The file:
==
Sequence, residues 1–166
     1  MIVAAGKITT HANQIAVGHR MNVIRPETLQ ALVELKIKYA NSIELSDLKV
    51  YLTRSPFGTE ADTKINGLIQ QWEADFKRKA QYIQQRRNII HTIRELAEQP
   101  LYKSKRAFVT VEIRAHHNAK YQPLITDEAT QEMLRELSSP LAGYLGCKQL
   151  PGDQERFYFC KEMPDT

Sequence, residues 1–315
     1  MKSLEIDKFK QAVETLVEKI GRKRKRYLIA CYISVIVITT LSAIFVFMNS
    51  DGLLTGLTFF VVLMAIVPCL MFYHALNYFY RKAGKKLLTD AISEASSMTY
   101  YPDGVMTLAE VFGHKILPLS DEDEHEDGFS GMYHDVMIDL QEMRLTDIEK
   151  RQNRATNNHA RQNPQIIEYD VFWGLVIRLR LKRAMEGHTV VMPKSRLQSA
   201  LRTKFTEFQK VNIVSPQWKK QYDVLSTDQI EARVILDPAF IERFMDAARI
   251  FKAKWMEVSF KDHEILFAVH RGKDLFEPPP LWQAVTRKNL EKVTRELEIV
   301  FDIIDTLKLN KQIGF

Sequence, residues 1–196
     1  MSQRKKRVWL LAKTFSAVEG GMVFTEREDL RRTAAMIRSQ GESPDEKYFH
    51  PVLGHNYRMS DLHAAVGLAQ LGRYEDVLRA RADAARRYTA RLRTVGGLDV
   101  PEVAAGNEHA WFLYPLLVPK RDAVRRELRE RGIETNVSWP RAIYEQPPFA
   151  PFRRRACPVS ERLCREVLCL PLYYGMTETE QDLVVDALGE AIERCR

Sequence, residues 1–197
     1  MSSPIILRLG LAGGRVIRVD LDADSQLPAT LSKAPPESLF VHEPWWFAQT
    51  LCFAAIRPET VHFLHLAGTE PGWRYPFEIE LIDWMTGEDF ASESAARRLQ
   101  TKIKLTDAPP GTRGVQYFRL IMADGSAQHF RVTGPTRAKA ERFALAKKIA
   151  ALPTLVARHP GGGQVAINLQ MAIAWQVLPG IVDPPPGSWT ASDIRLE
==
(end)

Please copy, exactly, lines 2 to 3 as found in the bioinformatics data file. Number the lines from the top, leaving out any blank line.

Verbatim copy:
     1  MIVAAGKITT HANQIAVGHR MNVIRPETLQ ALVELKIKYA NSIELSDLKV
    51  YLTRSPFGTE ADTKINGLIQ QWEADFKRKA QYIQQRRNII HTIRELAEQP